EDMONTON -- The Old Strathcona Business Association is calling the expansion of its sidewalks during the pandemic a “really successful project” it will look at bringing back in 2021.

According to the association’s executive director, the “overwhelming majority” of patrons and businesses who participated in a recent survey said they wanted the pilot to return next year either seasonally or permanently.

Two-thirds of about 115 participants voted to have pedestrian space expanded year round, Cherie Klassen told CTV News Edmonton.

“They felt they had a little more reason to visit, they had a space to kind of hang out. We hear that a lot: that people would come for an ice cream or a coffee, a bite to eat, but there’s no place to sit down,” she commented.

“We quickly learned that just having extra space wasn’t sufficient for pedestrians to understand that it was their space… Within minutes of putting down picnic tables and a parklet and some flowers, people asked us, can we use this? Can we sit down here?”

It's the exact thing Vivid Print co-owner Mark Wilson heard from those in his shop. 

"We found that people liked having a little bit of extra space. But since the program has been rolled back, we're finding a little less comfort level."

It’s one of the lessons the association is keeping in mind as it plans for next year.

According to Klassen, businesses overall supported the pilot – though hospitality businesses saw the most benefit – but reported a need of improved accessibility and clean-up services.

As well, she said the group would need to coordinate with the City of Edmonton and engineering experts on traffic planning, to balance pedestrian and commuter needs. Some drivers told CTV News Edmonton they didn't like the reduced lanes.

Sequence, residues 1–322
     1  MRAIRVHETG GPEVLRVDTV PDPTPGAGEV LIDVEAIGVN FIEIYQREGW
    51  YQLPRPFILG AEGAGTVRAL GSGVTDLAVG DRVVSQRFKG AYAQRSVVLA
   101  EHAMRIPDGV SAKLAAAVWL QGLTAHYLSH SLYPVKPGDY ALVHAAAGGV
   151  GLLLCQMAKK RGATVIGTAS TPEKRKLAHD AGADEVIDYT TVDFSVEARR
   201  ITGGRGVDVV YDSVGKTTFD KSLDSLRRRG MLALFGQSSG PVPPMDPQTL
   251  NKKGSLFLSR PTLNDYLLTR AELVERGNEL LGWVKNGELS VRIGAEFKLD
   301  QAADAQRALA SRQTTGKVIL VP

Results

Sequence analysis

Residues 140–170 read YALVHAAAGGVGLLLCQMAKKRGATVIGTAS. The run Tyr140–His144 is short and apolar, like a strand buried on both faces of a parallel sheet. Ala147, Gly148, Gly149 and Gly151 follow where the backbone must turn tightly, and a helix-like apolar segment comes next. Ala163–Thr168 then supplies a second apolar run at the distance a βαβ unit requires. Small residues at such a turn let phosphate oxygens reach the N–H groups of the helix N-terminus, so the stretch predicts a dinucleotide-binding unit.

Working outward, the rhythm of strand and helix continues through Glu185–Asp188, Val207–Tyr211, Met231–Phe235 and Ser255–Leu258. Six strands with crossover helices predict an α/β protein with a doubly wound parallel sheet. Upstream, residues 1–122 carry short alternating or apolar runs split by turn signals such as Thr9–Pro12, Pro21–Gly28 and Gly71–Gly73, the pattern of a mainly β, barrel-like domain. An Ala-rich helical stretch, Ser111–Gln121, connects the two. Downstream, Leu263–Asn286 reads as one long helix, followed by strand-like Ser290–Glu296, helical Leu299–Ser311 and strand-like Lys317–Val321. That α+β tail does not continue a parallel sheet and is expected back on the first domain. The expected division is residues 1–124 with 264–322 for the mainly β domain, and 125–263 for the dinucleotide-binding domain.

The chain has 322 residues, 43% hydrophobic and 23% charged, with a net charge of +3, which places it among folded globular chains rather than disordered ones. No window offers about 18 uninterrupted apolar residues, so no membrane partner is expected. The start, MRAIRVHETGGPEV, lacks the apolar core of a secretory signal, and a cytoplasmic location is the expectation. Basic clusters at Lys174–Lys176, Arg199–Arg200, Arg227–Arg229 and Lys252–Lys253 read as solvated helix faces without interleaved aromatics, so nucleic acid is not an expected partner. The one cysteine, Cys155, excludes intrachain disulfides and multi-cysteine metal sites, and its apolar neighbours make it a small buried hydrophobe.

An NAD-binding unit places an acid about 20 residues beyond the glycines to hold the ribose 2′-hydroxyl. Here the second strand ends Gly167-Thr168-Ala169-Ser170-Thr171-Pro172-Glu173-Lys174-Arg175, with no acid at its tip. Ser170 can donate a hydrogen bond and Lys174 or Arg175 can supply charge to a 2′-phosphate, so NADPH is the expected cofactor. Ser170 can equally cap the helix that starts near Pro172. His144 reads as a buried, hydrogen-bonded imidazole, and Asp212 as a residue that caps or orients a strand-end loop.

“We need maybe more than pylons on the roadway,” Klassen said, explaining that cones weren’t enough to deter some drivers from entering a closed lane.

“So we need the city’s support to do a little bit better infrastructure if we are going to do this seasonally and support from our businesses to continue to do it.”

Ward 8 Coun. Ben Henderson told CTV News Edmonton a traffic study may be needed to help out the east-west corridor that is Whyte Avenue before closing a lane, and to explore adding more pedestrian scrambles. 

But, he said, given the positive feedback, he thinks there is potential to at least turn a parking lane into permanent pedestrian space by spring. 

"Don't see any reason why we couldn't do that right away," he commented. 

"It's just as important as a pedestrian corridor as it is a vehicular corridor."

The business association is also discussing with city administration the possibility of keeping the changes through the winter, too.

Klassen called that conversation more complex, given foot traffic is less in Edmonton’s cold months and curbside or pick-up service is greater, and there would be more demand for street services like snow clearing.

“So I would say: Pay attention to other areas in Old Strathcona and Whyte Avenue that will have some activations along the avenue and off the avenue and in side streets where we’re really going to embrace outdoors and interesting spaces for people in the winter.”